But in his lawsuit, Morrison said the law declares the state the owner of the new gambling operations "completely out of thin air." He also said Kansas voters didn't anticipate that they were authorizing casinos in 1986 when they approved the lottery.
"Rather than complying with the will of the people, the act gives the keys to the kingdom to the highest bidder - allowing, indeed requiring, the casino 'managers' to buy all of the land, buildings and equipment needed to run the gambling operations, then declaring by fiat alone that they belong to the state," the lawsuit said.
'Full and robust discussion'
Rep. Lance Kinzer, an Olathe Republican and attorney who opposed the gambling law, called Morrison's allegations "a fair statement" of what's wrong with the law. He said when the lottery contracts with casino managers, "I think the case is only going to get stronger."
"There's really no more than a wink-and-nod attempt to comply with the constitution," he said.
Doug Lawrence, a gambling lobbyist, wasn't bothered by the arguments in Morrison's lawsuit. He said if Morrison hadn't made them, someone else probably would have. The Prairie Band Potawatomi tribe, which operates a casino north of Topeka, has threatened to sue, raising the same issues Morrison did.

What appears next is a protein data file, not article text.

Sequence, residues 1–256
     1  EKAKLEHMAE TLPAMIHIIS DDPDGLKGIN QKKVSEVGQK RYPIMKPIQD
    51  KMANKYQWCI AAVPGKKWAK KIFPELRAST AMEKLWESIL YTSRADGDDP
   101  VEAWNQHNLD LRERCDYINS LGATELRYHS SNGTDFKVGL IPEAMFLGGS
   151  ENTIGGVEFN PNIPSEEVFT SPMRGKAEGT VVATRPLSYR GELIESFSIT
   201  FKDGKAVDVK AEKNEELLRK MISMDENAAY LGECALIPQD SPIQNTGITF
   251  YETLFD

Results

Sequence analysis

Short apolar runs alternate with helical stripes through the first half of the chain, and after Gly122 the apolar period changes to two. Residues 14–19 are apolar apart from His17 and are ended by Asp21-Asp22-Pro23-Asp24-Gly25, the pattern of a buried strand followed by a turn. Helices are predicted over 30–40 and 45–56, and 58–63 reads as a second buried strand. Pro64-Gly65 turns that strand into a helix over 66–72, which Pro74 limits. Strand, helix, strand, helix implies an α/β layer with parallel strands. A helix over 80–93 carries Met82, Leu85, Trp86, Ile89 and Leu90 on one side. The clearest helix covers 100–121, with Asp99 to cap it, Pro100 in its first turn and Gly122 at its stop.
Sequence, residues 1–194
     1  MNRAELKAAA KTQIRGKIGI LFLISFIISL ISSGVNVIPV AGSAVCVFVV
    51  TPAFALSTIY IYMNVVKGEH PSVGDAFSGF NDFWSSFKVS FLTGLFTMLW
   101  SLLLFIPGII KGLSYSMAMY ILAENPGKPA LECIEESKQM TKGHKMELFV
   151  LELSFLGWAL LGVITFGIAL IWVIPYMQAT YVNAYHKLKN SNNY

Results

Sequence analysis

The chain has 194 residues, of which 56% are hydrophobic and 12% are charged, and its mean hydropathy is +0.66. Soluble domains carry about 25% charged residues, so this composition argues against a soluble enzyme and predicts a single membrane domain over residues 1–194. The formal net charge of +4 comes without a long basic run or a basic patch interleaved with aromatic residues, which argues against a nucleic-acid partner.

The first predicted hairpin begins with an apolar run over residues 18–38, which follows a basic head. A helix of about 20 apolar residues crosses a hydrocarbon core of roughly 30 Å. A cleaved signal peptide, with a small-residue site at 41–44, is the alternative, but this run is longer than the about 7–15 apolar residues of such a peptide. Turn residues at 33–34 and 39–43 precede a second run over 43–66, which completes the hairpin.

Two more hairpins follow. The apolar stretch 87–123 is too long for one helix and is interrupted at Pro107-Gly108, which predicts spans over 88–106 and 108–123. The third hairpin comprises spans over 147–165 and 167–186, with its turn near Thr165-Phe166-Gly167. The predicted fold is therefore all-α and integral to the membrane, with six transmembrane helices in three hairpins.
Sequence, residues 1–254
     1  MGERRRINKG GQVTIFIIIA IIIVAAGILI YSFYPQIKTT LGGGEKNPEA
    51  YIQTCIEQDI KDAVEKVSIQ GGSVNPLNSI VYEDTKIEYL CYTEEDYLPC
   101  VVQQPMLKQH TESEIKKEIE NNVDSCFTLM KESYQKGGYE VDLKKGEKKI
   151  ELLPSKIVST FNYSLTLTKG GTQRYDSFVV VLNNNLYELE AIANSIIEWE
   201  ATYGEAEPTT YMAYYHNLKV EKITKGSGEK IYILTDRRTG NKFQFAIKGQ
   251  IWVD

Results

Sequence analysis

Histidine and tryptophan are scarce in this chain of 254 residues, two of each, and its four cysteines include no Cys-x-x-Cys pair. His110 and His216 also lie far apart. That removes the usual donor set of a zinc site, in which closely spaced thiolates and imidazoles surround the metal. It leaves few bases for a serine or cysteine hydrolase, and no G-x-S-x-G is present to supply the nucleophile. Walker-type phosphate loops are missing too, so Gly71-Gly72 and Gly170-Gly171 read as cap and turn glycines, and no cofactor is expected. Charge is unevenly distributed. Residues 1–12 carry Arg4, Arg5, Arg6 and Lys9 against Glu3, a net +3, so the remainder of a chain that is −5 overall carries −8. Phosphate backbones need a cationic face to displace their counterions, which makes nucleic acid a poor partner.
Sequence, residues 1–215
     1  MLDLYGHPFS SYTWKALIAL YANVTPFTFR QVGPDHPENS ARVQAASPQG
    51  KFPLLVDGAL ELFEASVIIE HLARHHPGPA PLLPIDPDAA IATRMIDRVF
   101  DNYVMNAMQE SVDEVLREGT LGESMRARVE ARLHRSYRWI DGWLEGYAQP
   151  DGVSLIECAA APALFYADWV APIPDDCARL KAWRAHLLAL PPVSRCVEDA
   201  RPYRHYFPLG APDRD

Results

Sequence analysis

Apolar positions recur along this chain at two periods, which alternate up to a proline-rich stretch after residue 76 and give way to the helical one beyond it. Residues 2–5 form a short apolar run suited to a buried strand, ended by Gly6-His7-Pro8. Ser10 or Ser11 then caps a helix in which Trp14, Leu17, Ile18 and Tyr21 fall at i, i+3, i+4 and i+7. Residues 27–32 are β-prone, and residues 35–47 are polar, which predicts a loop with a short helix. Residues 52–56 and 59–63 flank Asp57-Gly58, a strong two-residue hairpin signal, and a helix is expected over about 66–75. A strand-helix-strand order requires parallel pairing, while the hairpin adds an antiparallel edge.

"We're still going to have to have a full and robust discussion in front of the courts," Lawrence said.
Lawrence also is confident the law is constitutional. He said supporters examined gambling laws in five other states that have lottery language in their constitutions similar to Kansas' - Delaware, Oregon, Rhode Island, South Dakota and West Virginia.
The South Dakota Constitution permits lotteries or video games of chance "owned and operated" by that state. About 8,800 video lottery machines are in 1,400 bars, restaurants, convenience stores and other businesses, but on its Web site, the lottery there says it is "serving solely as a regulator of the games."